Spicy Tuna & Sweet Potato Patties
August 22, 2014
Categories: Tuna, Appetizers, Sweet Potato/Yam, Irish, Korean, Mexican, Thai, Vietnamese, Brunch, Easter, Heart Healthy, High Fiber, High Protein, Low Calorie, Low Fat, Non-Dairy, Kid's Lunches, Herbs, Spicy, Mexican Dinner, more
"Really taste and simple to make. This recipe is perfect for a hot summer day when you don't want to do too much cooking."
- Serving Size: 1 (165.4 g)
- Calories 311.8
- Total Fat - 18.2 g
- Saturated Fat - 3.3 g
- Cholesterol - 115.2 mg
- Sodium - 861 mg
- Total Carbohydrate - 18.4 g
- Dietary Fiber - 1.1 g
- Sugars - 1.2 g
- Protein - 18.4 g
- Calcium - 40.1 mg
- Iron - 1.9 mg
- Vitamin C - 9.5 mg
- Thiamin - 0.1 mg
Step by Step Method
Place chopped sweet potato in a microwave-safe dish, add about 1 tablespoon water, then cover. Cook in microwave for 8 minutes, or until tender.
Drain and rinse under cold water. Transfer to a bowl and mash the sweet potato as if you're making mashed potatoes.
Add all other ingredients, except the olive oil, and combine well. With your hands, divide mixture into 8 equal-sized patties.
Heat oil in a large pan over medium-high heat.
Add the patties and cook for 3-5 minutes each side or until golden brown. Remove from oil and let rest on a serving plate lined with paper towel.
These are quite good by themselves, but I also like to put a bit of cilantro chutney on top of each cooked tuna cake. I imagine a simple mayo, cilantro and lime sauce would taste great with these too.
No special items needed.
The ingredient tips, suggestions, variations, facts, questions and answers below are not edits to the original author's recipe. They are not meant to imply any change would improve the recipe. They're offered for convenience, alternative ideas, and points of interest. If you have any comments about them, please post in the Help & Ideas forum.
- When purchasing tuna, make sure to check the label for mercury levels and opt for a low-mercury brand.
- For a spicier flavor, use a chili paste with a higher Scoville rating.
Coconut Curry Tuna & Sweet Potato Patties Combine the mashed sweet potato, tuna, eggs, breadcrumbs, cilantro, green onion, sambal oelek, salt, and 1/4 cup of coconut milk in a bowl. Divide the mixture into 8 equal-sized patties and cook in a pan with 2 tablespoons of olive oil for 3-5 minutes each side or until golden brown. Serve with a dollop of coconut curry sauce for an extra flavor punch.
Coconut Curry Tuna & Potato Fritters Combine the mashed sweet potato, tuna, eggs, breadcrumbs, cilantro, green onion, sambal oelek, salt, and 1/4 cup of coconut milk in a bowl. Divide the mixture into 8 equal-sized patties and form into balls. Heat 2 tablespoons of olive oil in a pan and fry the fritters until golden brown. Serve with a dollop of coconut curry sauce for an extra flavor punch.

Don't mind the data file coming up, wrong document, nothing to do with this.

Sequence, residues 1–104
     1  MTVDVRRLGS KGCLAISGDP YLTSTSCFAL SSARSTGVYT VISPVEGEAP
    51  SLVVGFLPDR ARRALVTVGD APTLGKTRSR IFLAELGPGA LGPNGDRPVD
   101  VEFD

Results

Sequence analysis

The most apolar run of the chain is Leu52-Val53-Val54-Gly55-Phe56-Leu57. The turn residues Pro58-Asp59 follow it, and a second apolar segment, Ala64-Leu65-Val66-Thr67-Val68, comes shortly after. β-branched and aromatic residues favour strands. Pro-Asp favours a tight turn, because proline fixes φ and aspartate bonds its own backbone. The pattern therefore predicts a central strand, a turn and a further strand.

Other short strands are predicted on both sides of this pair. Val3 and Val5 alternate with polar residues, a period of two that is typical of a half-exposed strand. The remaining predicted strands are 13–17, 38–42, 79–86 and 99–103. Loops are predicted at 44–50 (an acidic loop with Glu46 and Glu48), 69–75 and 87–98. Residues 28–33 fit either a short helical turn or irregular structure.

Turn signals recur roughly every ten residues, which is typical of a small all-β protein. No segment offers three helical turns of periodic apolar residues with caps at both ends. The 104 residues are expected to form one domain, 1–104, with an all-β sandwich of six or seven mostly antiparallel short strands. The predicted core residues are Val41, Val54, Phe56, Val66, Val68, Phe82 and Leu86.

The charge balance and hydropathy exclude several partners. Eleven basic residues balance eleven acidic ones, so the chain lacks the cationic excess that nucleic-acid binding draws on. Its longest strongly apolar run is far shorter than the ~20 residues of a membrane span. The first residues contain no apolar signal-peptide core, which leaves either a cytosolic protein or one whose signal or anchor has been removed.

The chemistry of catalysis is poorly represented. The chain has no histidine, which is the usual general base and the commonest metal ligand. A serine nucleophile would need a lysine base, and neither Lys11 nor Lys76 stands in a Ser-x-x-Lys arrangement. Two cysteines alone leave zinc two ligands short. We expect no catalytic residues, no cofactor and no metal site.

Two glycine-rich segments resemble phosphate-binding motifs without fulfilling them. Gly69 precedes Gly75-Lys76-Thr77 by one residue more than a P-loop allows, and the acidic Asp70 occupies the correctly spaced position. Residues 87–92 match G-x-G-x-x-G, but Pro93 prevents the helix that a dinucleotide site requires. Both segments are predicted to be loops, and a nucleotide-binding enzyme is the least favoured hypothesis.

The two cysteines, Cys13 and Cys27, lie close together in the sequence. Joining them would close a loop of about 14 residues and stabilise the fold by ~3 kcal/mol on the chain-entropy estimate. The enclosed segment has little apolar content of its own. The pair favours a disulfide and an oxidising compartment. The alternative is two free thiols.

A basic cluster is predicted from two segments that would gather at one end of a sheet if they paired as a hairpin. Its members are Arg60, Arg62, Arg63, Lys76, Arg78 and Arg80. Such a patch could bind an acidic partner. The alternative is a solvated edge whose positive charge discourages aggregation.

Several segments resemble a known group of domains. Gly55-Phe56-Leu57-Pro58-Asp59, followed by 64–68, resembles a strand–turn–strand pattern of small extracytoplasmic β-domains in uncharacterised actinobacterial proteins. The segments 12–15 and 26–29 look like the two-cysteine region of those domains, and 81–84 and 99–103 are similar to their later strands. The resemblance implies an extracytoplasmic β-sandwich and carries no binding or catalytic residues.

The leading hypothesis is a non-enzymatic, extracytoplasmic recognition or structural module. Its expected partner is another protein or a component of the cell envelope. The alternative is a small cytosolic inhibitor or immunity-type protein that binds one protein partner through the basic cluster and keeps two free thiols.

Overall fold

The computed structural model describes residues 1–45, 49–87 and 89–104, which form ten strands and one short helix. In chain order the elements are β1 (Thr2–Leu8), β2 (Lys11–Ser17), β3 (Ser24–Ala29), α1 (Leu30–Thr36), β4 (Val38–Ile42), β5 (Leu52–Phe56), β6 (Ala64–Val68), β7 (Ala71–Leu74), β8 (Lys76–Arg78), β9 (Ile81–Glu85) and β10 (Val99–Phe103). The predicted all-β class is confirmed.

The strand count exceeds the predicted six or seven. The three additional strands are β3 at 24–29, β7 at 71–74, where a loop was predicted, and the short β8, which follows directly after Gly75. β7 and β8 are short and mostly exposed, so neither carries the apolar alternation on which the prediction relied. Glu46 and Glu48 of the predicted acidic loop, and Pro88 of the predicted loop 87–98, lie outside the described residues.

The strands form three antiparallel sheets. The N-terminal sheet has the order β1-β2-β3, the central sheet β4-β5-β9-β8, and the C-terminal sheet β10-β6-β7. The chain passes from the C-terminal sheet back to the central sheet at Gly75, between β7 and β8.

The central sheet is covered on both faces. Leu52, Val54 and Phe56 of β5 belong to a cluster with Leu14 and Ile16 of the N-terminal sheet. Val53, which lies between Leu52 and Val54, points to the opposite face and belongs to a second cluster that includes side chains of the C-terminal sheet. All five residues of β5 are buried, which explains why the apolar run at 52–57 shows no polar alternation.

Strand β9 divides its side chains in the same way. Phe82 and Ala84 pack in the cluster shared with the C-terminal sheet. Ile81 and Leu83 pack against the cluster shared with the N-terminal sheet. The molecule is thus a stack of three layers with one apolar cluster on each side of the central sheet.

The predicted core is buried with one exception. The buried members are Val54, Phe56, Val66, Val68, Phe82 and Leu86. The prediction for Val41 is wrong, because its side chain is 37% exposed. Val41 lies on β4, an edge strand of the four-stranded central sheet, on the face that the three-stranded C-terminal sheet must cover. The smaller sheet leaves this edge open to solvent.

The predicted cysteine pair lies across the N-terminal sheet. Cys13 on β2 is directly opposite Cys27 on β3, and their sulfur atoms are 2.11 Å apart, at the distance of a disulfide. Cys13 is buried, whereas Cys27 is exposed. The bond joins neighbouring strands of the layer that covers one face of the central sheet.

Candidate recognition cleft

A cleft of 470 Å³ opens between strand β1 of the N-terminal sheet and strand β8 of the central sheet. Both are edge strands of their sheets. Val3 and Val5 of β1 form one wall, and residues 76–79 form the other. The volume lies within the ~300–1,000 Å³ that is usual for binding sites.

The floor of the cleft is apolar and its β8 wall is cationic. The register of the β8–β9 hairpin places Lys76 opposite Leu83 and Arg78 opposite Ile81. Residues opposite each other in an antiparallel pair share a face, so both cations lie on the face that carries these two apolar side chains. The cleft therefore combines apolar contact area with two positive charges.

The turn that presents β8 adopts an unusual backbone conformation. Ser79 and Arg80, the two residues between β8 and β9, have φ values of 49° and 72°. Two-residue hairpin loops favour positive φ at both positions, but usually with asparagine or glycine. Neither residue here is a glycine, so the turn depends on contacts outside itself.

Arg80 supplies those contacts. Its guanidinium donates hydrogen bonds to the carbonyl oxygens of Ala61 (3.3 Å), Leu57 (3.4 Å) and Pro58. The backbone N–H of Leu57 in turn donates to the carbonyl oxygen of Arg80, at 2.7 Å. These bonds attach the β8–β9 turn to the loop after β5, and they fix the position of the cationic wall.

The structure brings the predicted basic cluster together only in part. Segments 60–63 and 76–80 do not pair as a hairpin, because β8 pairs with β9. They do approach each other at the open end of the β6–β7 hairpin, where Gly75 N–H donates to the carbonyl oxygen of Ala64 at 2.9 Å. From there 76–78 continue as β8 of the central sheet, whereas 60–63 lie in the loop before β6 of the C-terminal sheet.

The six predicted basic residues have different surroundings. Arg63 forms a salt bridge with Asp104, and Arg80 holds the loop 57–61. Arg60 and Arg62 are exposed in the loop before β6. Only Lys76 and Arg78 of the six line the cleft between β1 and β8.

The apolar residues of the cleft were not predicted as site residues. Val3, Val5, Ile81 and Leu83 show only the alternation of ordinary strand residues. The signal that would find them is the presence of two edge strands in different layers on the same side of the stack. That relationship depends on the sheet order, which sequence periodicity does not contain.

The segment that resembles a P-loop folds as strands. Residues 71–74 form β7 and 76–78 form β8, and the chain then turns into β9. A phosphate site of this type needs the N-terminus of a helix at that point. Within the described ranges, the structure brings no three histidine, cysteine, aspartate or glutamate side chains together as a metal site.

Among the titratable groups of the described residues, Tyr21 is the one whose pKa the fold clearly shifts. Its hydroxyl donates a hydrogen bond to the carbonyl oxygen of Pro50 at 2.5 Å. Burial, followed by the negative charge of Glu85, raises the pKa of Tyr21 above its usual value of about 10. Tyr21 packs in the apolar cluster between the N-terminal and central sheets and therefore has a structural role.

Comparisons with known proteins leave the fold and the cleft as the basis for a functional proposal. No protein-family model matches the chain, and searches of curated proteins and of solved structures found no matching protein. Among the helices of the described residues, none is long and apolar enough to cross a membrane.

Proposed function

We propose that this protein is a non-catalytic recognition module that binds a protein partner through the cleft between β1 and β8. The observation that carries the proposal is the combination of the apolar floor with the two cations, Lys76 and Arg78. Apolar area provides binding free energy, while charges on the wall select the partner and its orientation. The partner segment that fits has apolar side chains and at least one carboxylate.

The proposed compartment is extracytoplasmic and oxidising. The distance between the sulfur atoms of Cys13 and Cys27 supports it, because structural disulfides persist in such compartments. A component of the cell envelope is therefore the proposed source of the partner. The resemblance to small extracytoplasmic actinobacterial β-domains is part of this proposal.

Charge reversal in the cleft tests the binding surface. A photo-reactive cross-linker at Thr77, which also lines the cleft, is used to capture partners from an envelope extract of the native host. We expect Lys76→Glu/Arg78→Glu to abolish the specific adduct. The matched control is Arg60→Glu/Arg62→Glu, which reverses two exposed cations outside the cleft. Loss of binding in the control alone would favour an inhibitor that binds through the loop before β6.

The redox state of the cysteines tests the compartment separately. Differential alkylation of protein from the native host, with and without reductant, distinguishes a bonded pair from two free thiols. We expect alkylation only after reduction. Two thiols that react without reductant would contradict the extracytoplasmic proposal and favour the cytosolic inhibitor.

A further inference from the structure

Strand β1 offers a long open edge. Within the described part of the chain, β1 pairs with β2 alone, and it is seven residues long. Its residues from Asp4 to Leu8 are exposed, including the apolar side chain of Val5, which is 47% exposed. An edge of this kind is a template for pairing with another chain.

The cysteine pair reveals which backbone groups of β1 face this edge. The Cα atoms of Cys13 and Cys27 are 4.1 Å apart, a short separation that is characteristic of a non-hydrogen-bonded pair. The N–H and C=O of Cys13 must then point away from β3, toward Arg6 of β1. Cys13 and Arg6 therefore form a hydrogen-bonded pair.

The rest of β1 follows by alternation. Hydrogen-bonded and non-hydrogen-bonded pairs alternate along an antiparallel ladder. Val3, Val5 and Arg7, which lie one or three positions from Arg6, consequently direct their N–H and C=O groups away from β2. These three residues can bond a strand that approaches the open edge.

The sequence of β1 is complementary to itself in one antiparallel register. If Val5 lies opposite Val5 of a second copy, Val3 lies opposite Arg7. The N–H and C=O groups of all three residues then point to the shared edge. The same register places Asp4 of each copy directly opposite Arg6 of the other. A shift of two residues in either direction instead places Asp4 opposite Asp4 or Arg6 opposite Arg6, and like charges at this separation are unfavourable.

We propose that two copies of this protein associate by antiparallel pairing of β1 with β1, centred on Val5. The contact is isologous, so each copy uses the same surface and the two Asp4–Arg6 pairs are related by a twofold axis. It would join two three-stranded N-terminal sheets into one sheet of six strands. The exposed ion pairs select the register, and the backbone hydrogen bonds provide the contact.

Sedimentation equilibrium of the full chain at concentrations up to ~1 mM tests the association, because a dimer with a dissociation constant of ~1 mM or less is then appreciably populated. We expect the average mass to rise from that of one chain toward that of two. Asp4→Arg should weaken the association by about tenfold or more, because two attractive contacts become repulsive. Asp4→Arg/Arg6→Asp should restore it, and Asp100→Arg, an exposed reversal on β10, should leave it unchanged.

Lemon-Garlic Asparagus: This simple side dish is the perfect accompaniment to the Spicy Tuna & Sweet Potato Patties. The freshness of the lemon and garlic bring out the flavor of the patties, while the asparagus adds a crunchy texture. It's a great way to add some green to your meal!
Tomato and Feta Salad: This fresh and flavorful salad is the perfect complement to the Spicy Tuna & Sweet Potato Patties. The creamy feta and juicy tomatoes provide a delicious contrast to the spicy tuna patties, while the bright acidity of the lemon juice helps to balance out the flavors. It's a light and refreshing side dish that's sure to be a hit!
Q: What type of chili paste should I use?
A: You can use sambal oelek or your favorite chili paste for this recipe. If you don't have either, you can substitute with a pinch of red chili powder or cayenne pepper.
Q: How much chili paste should I use?
A: It depends on your spice preference. Start with 1 teaspoon and add more to taste. You can always add more, but it's hard to take it away.
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Fun Fact 1: Sambal Oelek is a chili paste originating from Indonesia and is often used in Southeast Asian cuisine. It was popularized by celebrity chef Anthony Bourdain, who featured it in many of his dishes.
Fun Fact 2: Sweet potatoes have been a part of human diets for thousands of years. They were cultivated in Peru as early as 8000 BC, and were a staple food of the Aztecs, Incas, and Mayans.